Drew Madden repeats enormous successes he enjoyed while leading Nordic Consulting Partners

Although few people outside of the U.S. healthcare industry have heard of Drew Madden, within that business, he is one of the most revered figures to have emerged over the last decade. Madden has spent his entire career working within the healthcare industry. Specifically, he has focused on the IT aspects of healthcare systems and how more efficient and effective IT management and systems creation can help to drive cost savings and better patient outcomes.

When he graduated college, Madden first went to work for healthcare software giant Cerner. He then bailed out from that job and went over to rival Epic Systems. This early exposure to the two largest software providers in the business gave Madden a level of in-depth expertise that few in the industry currently possess. Madden has described Epic and Cerner as the Pepsi and the Coke of the healthcare IT space. The vast majority of hospital networks and doctor’s offices nationwide use some version of software put out by one of these companies. But despite the fact that the market for healthcare software and other information technology is a virtual duopoly, Madden says that there are still shocking levels of cross-compatibility issues within the industry.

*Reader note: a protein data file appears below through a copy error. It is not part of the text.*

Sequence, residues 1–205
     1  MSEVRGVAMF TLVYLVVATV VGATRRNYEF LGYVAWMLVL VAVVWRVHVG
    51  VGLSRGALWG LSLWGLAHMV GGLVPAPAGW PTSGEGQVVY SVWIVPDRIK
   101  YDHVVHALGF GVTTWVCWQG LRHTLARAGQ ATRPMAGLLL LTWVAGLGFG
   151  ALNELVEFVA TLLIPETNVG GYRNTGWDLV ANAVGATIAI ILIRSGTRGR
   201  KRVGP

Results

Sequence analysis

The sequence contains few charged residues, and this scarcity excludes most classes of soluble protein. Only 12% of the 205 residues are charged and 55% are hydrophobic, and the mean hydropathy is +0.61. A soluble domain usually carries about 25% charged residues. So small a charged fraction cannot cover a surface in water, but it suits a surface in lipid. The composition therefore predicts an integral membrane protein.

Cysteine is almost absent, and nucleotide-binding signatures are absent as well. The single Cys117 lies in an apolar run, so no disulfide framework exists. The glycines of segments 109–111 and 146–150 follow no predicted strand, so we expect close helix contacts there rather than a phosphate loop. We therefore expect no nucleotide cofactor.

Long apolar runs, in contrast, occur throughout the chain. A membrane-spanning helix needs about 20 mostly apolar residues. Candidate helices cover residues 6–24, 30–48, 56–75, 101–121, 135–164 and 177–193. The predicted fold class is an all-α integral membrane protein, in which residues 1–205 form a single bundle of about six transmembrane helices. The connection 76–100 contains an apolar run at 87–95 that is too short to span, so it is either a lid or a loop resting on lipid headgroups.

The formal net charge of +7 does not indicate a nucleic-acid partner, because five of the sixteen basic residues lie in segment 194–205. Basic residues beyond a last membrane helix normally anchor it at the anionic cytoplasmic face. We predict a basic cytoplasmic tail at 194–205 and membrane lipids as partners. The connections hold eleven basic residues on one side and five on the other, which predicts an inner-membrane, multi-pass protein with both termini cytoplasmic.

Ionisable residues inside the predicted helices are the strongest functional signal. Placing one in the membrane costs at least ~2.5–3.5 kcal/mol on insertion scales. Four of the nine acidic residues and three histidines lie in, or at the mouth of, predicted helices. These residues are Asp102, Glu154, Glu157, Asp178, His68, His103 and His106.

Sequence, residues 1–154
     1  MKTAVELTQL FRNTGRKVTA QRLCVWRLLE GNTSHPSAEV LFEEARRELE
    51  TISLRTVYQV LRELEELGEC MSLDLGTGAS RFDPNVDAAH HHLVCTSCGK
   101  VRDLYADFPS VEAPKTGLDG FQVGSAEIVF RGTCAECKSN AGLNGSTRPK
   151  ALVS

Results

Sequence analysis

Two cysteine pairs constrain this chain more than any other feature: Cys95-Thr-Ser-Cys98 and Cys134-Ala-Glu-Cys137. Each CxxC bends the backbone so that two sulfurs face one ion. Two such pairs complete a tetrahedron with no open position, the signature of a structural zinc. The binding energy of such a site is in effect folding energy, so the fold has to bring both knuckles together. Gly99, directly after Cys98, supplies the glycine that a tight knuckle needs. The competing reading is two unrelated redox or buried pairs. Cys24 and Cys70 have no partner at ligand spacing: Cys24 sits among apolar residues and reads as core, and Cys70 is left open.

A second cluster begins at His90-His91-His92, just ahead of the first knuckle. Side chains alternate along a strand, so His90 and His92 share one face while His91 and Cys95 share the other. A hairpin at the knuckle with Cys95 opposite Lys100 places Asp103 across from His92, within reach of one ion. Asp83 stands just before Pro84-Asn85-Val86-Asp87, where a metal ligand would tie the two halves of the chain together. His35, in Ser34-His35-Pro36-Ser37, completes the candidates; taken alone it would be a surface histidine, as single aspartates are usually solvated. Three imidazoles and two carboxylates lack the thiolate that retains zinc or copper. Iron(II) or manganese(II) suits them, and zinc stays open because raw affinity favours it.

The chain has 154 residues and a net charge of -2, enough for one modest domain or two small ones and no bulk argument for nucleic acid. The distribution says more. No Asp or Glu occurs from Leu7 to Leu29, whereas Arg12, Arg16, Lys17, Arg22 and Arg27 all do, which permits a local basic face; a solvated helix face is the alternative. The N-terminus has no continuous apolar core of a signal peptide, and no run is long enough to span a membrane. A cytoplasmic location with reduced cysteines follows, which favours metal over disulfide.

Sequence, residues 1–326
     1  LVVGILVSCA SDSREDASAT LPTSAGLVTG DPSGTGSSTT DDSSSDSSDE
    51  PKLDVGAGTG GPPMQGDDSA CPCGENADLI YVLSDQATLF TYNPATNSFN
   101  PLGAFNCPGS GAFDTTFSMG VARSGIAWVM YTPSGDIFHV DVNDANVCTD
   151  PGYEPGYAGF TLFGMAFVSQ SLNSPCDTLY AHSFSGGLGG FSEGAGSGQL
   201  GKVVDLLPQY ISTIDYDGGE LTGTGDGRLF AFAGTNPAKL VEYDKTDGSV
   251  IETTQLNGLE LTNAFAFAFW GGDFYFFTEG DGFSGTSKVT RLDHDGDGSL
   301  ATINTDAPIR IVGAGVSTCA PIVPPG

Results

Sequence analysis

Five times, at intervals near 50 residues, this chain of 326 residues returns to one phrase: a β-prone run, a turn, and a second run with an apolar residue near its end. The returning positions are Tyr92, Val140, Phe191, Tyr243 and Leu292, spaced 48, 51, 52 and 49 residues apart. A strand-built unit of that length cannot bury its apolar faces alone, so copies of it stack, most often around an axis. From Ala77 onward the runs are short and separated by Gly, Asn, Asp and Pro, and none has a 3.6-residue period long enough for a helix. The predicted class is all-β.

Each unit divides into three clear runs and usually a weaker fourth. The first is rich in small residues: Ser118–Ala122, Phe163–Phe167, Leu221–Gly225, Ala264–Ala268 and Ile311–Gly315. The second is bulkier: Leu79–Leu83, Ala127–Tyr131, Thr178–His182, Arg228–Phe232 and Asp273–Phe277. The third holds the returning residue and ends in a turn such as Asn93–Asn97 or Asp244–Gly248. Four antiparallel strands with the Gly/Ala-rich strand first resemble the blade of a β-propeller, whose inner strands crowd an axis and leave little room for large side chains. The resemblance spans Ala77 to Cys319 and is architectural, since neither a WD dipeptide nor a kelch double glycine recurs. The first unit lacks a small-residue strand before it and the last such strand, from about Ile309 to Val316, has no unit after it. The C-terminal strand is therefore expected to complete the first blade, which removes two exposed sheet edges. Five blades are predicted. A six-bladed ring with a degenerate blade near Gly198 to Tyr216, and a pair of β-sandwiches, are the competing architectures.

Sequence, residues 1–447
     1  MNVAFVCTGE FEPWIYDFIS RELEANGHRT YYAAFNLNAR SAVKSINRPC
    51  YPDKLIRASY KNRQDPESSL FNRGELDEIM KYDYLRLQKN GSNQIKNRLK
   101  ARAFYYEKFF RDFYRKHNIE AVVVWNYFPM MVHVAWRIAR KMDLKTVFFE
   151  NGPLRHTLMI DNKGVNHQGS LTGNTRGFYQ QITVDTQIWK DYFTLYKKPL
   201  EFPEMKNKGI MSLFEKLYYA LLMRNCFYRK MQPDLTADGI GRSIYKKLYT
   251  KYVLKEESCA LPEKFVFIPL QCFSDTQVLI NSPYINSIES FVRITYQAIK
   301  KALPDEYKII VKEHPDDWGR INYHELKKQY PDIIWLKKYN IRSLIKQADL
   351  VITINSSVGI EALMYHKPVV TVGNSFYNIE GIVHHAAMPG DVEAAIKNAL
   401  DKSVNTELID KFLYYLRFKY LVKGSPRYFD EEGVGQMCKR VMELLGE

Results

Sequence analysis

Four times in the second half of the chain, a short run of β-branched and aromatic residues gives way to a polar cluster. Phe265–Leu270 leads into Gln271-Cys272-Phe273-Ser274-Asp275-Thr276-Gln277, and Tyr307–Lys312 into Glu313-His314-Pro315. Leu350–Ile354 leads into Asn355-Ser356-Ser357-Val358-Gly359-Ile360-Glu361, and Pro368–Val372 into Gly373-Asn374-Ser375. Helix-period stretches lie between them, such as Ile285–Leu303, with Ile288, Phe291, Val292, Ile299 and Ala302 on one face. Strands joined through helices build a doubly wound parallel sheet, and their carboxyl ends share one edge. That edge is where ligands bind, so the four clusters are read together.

And it has been precisely his efforts to solve compatibility issues, particularly with respect to electronic hospital records, that have helped propel Madden to stardom within his field. During his time at Nordic Consulting Partners, Madden was able to devise a number of technical solutions to some of the most serious cross-compatibility issues facing the nation’s healthcare system. But it was after he was appointed to the presidency of that firm that he really started turning heads. Madden was able to grow Nordic from a boutique consultancy into one of the largest healthcare IT companies in the country. Today, Nordic has more than 750 employees who serve over 150 of the nation’s largest hospital networks.

In 2017, Madden left Nordic to start his own company, Evergreen Healthcare Partners. In just its first year, the company has already grown into having 26 full-time employees and more than a dozen clients.